July 1, 2004
Alessandro Amp Two Speaker Cable
As part of Alessandro’s recently revamped cable line, the new Alessandro Amp Two speaker cable ($69 retail/$52 street) now features a unique “Symmetricoax” conductor design. Developed by the Wireworld Cable Company, this patented configuration utilizes a pair of hollow concentric conductors rather than the standard parallel-conductor geometry used by most speaker cable manufacturers. According to Wireworld, this concentric configuration distributes the signal’s electromagnetic field more evenly throughout the conductors, which minimizes electromagnetic losses. The 12-gauge conductors contain 240 strands of silver-clad OFC (Oxygen Free Copper) Litz wire. When compared with several other high-quality speaker cables, the Alessandro Amp Two possessed an unsurpassed ability to provide an exceptionally coherent harmonic balance with a super-smooth texture. The cable conveyed impressive depth and richness that combined with its effortless dynamic response to noticeably enhance the test rig’s “feel factor.” I’m so impressed with the Alessandro Amp Two speaker cable that I’ll be using it as my primary reference for future speaker cable tests. And, since it’s earned “reference” status, it also deserves an Editors’ Pick Award. —Terry Buddingh
Planet Waves Tuner-Up
There must be a pack of crazy-ass rocket scientists zooming around the offices of Planet Waves. And thank goodness for them, because they always conjure up some extremely cool gizmo to brighten a guitarist’s life. The team’s latest concoction is the Tuner-Up ($14 retail/street N/A), an extraordinarily uncomplicated device that simplifies the often not-so-simple chore of tuning an acoustic guitar in a noisy environment. You just affix your tuner to the Tuner-Up and hang the device from your soundhole. From there, the Tuner-Up’s onboard piezo pickup translates your guitar’s vibrations directly into your tuner (via an included cable). Shazzam! At a full-band rehearsal and at a noisy neighborhood bar, this little wonder worked perfectly—far more effectively than my tuner’s onboard microphone, which was typically “confused” by the bellowing of drunken louts and random bass notes. It was also a joy not to have to rest the tuner on my knee to get its mic close enough to the soundhole. This is a brilliantly simple idea, and I think you should simply buy one!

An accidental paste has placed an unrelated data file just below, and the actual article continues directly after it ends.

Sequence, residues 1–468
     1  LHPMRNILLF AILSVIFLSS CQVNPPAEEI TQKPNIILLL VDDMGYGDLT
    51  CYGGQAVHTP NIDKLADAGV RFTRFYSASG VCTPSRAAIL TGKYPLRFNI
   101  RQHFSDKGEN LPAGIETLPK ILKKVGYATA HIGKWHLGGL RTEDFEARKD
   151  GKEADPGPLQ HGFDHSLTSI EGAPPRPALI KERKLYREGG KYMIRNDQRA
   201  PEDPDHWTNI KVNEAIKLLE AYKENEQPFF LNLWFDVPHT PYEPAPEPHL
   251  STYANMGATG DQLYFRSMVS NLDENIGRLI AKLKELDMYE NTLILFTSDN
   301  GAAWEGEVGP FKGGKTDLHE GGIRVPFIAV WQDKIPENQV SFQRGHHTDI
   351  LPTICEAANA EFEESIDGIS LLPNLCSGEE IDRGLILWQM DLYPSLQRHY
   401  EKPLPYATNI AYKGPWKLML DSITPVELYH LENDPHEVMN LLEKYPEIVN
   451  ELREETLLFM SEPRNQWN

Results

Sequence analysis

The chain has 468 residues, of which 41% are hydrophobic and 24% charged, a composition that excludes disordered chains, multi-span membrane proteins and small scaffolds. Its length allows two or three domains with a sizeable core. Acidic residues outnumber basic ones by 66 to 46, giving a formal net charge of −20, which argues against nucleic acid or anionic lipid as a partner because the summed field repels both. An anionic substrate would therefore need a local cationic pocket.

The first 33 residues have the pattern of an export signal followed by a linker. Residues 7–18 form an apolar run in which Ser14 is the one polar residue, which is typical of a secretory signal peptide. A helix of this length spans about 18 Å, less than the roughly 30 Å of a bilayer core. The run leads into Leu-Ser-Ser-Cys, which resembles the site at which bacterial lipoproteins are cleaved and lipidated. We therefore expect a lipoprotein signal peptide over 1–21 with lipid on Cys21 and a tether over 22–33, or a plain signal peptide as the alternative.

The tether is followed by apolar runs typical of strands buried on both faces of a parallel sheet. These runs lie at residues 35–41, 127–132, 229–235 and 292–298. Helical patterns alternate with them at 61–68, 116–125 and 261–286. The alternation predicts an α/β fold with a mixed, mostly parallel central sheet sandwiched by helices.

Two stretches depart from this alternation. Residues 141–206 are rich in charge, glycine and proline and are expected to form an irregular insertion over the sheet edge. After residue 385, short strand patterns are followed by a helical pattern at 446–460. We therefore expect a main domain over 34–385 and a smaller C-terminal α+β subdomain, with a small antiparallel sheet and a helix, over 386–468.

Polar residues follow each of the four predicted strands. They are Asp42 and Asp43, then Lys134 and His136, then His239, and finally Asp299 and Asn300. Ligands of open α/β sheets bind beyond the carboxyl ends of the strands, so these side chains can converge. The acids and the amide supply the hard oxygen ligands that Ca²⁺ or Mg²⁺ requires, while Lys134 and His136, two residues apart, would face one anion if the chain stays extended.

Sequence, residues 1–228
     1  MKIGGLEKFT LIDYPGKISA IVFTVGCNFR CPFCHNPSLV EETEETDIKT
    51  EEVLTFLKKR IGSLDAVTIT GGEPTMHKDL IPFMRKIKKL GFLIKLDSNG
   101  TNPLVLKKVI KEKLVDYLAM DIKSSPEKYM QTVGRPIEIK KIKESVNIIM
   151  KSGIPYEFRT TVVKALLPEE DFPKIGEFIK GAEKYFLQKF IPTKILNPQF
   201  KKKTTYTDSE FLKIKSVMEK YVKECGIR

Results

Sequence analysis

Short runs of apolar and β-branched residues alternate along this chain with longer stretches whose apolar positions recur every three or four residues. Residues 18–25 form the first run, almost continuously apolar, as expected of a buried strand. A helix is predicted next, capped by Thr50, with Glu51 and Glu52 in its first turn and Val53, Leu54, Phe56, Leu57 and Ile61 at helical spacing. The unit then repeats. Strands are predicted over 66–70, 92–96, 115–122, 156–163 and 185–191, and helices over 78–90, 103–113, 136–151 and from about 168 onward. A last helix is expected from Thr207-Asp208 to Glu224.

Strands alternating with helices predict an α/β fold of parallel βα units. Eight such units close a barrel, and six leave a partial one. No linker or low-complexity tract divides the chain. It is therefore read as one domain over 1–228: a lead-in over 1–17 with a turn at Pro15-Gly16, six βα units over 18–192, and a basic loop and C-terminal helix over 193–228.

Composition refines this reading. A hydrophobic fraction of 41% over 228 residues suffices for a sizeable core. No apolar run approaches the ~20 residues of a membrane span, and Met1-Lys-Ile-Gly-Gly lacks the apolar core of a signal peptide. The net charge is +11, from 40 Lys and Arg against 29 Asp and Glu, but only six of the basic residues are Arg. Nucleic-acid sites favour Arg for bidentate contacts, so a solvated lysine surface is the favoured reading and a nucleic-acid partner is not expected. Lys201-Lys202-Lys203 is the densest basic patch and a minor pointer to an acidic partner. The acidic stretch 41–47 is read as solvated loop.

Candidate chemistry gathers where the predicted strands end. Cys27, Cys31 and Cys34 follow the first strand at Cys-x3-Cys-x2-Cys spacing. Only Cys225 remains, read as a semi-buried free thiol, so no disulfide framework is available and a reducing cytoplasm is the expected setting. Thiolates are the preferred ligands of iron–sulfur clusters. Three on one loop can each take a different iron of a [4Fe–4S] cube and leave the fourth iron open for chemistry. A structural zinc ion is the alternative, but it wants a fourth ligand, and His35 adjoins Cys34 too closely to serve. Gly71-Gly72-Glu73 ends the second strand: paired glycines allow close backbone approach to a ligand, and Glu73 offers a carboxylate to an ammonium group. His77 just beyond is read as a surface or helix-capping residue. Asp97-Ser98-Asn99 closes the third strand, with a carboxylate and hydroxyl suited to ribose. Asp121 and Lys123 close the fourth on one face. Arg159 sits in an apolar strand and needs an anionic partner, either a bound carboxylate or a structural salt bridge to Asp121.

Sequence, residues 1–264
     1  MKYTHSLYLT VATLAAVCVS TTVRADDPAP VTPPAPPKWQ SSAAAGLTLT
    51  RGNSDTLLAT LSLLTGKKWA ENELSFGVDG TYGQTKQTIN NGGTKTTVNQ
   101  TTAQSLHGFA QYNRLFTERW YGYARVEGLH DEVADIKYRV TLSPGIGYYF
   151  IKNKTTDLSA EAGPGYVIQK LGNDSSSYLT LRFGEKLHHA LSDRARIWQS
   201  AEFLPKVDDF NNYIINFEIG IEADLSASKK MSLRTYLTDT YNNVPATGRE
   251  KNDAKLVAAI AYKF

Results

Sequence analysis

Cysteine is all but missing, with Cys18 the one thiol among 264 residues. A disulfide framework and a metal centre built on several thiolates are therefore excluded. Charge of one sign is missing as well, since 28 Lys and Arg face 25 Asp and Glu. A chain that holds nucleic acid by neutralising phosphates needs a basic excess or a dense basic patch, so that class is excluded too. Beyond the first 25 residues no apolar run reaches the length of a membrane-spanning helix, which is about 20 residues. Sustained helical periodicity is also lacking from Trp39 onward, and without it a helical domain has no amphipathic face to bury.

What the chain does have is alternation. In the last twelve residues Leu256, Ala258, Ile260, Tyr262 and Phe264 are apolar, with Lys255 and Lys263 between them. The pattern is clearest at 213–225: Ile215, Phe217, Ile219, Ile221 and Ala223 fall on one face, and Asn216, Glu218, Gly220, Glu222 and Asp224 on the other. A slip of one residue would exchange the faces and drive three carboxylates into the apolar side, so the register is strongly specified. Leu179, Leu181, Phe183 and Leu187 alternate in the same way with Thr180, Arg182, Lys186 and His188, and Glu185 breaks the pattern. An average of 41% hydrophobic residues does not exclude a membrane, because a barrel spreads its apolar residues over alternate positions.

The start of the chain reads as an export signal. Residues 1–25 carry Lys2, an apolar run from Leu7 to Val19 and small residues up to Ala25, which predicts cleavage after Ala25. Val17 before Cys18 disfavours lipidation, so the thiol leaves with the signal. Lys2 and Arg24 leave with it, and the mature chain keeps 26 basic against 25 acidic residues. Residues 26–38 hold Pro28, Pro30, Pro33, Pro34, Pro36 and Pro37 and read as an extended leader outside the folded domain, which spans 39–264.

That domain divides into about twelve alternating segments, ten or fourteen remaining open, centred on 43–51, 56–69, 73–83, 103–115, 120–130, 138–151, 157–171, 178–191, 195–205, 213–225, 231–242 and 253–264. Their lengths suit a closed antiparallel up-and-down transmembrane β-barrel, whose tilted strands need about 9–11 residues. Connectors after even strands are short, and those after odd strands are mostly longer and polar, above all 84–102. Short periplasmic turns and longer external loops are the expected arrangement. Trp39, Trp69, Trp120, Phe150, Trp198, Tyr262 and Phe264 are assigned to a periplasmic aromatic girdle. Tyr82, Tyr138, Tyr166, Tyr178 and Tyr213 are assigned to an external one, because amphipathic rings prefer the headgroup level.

4-db Stash Picks
The folks at 4-db set out to build a better plectrum, and while guitarists may or may not beat a path to their door, credit is due for coming up with some very interesting designs. A complete set of five Stash picks ($11 retail/$9 street) comes in a small metal box. The Fat Boy offers different thicknesses on each of its three edges, effectively giving you three picks in one. The Tri-Tip embodies the same concept, but in a triangular shape. The Diamond Back is like two traditional picks stuck together back to back, and the Double Pick actually is two picks stuck together, but with the top tip extended slightly beyond the bottom for a flam-like attack. The Wicked Pick joins two picks at their sides for a double-pronged attack. I found something to like about all of these designs, but my favorite was the Double Pick, which produced a mock 12-string sound when strumming chords. I was less excited by the big multi-tip models, and the Wicked Pick simply left me scratching my head.